Sacramento, CA (PRWEB) May 01, 2013
“2013 is predicted to be a good year for California Kings,” says Aaron Newman, Chairman of the California Salmon Council. He adds, “California has traditionally been the leading producing state for troll-caught (hook-and-line) wild king salmon along the Pacific Coast. We’re projected to catch 3 million pounds this season, which is an increase over last year’s 2.5 million pounds.”
David Goldenberg, Chief Executive Officer of the California Salmon Council says, “This season reflects fishing opportunities along the entire California coast. This is good news for consumers because there should be a steady supply of wild, ocean- caught California kings.”
Newman says, “We want Californians to know that commercial fishermen are passionate conservationists.” Fishermen abide by regulations designed to ensure there will be a sustainable supply of these fish now, and in the future. As part of their commercial license, fishermen contribute into a fund, which is used to enhance restoration of rivers and streambeds to improve natural spawning grounds for these prized fish.
Newman wants consumers to know that not all salmon are alike. “Salmon species vary on where they’re caught, and whether they’re from the ocean or farm-raised. California salmon, or Chinooks, are called ‘kings’ because they are regarded as the most prized, as well as the largest, of the five species of Pacific salmon.”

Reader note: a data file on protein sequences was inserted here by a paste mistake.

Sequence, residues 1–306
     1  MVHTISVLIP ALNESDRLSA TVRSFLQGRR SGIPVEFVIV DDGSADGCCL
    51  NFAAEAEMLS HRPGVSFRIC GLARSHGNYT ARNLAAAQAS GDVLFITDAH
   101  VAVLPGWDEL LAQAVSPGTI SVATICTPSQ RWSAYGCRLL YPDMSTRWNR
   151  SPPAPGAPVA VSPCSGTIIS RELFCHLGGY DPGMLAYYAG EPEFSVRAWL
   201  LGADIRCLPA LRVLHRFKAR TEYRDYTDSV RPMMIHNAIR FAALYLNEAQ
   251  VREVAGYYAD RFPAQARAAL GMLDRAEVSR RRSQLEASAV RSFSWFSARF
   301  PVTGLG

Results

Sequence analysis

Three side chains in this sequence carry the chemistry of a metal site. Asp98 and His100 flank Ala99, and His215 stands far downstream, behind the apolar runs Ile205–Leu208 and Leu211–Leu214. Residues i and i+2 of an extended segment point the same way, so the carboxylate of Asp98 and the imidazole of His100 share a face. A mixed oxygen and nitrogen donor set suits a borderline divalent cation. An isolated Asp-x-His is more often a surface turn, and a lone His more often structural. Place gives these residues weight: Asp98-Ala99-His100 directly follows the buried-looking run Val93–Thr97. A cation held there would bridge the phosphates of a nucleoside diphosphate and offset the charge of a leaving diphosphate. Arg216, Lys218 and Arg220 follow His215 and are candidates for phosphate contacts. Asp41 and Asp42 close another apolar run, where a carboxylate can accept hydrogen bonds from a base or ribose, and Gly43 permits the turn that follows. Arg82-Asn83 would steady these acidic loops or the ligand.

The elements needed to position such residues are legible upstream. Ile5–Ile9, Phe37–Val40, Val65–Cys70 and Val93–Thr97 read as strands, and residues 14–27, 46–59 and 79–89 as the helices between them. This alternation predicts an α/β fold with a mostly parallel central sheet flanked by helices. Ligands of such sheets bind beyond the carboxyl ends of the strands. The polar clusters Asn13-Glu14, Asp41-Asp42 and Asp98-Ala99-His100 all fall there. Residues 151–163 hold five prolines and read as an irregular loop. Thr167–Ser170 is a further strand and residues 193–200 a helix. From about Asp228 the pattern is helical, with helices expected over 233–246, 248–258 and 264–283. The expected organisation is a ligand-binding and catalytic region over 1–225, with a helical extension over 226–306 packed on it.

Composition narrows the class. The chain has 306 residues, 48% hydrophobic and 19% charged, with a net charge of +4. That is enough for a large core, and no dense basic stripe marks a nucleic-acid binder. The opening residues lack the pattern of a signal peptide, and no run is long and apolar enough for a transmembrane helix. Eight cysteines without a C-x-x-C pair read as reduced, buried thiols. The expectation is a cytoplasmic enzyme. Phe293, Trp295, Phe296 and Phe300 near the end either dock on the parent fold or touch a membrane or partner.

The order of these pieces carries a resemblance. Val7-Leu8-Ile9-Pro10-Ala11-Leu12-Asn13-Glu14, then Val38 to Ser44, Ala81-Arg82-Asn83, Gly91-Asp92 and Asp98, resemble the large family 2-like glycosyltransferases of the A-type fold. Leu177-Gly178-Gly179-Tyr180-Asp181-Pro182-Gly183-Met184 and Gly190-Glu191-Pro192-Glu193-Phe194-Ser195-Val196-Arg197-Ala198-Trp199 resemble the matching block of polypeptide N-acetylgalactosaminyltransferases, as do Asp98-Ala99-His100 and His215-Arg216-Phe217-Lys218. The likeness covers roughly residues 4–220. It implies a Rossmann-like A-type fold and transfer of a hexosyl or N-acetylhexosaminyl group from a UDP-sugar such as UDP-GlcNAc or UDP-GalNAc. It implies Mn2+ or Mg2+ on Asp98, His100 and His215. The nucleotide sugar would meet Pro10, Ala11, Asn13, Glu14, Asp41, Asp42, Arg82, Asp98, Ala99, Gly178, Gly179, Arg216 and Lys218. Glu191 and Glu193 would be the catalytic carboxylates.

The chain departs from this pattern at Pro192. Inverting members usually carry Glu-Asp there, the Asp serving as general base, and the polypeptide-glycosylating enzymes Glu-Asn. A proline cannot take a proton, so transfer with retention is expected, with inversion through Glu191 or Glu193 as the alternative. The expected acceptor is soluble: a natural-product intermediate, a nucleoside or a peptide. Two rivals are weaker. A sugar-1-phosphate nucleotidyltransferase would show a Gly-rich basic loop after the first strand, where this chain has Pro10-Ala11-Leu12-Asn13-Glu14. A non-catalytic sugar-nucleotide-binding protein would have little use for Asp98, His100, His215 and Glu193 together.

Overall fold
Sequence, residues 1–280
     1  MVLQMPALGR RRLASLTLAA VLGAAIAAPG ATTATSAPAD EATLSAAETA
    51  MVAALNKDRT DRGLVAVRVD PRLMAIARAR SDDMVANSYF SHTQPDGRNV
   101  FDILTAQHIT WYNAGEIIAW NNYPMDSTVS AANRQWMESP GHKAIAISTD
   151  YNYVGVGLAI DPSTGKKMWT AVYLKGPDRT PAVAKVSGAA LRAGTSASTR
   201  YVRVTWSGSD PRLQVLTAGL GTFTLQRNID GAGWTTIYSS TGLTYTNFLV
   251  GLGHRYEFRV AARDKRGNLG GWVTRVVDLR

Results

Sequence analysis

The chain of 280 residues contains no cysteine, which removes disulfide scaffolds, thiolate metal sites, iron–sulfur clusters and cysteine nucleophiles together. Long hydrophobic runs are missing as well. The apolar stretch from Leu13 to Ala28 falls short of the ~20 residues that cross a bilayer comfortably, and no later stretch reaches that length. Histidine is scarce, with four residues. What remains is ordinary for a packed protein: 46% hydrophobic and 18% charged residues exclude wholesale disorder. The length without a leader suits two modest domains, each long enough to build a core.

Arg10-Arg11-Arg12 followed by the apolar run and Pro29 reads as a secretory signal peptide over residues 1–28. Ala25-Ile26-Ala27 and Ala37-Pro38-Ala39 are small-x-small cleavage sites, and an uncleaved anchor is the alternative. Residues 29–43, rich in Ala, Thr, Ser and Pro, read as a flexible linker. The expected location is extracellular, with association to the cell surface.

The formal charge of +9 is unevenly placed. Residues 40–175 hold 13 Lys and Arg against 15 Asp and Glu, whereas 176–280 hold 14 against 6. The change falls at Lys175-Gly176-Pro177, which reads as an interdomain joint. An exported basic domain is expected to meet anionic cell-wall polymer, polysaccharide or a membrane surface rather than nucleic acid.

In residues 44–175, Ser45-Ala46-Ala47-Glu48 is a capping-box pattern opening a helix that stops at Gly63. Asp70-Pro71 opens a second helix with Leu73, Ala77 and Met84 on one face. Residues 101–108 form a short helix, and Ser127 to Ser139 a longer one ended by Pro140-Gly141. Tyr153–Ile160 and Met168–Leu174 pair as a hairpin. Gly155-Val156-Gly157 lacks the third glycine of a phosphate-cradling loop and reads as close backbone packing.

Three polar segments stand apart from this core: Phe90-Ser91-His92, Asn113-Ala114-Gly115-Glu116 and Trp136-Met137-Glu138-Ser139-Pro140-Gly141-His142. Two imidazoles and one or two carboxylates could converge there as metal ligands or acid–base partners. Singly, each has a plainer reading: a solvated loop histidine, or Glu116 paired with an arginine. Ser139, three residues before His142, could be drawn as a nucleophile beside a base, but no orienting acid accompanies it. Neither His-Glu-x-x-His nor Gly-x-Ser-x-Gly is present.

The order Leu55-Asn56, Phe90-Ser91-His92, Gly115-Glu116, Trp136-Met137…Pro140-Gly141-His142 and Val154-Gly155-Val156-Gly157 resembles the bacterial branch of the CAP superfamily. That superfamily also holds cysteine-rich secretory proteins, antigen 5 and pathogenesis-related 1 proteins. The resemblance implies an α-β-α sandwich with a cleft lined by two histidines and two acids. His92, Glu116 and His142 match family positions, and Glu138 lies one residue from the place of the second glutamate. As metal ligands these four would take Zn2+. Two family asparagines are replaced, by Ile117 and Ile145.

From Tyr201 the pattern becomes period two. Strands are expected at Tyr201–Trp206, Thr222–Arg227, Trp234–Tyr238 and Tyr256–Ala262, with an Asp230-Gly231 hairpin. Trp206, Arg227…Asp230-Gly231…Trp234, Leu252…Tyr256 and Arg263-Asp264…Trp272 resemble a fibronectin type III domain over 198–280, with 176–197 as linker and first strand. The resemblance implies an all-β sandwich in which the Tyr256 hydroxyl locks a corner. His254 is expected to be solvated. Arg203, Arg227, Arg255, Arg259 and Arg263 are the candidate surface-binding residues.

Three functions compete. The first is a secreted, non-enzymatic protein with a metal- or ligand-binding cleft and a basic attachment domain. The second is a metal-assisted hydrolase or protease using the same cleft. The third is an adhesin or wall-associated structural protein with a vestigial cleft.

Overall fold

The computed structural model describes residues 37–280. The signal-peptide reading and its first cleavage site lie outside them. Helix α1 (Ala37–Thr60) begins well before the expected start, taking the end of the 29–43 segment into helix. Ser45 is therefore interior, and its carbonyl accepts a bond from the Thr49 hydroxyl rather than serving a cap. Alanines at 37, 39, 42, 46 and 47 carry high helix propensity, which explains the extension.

Goldenberg adds, “Consumers should ask for California King Salmon, which is fresher, because they are caught locally off California’s coastline. King salmon have a higher oil content that adds to their natural robust flavor and deep coloring, a favorite among professional chefs.” Nutrition studies have found that eating fish, such as salmon, once a week reduces the risk of cardiac arrest, as well as increases cognitive function and reduced depression. Ocean-caught California King salmon have higher levels of the naturally occurring Omega-3 fatty acids that offer heart-protective attributes. Retail prices may average a little higher this year over farmed salmon, due to higher fuel costs for the boats and an increased demand for these seasonal fish.
For recipe information, visit http://www.calkingsalmon.org/.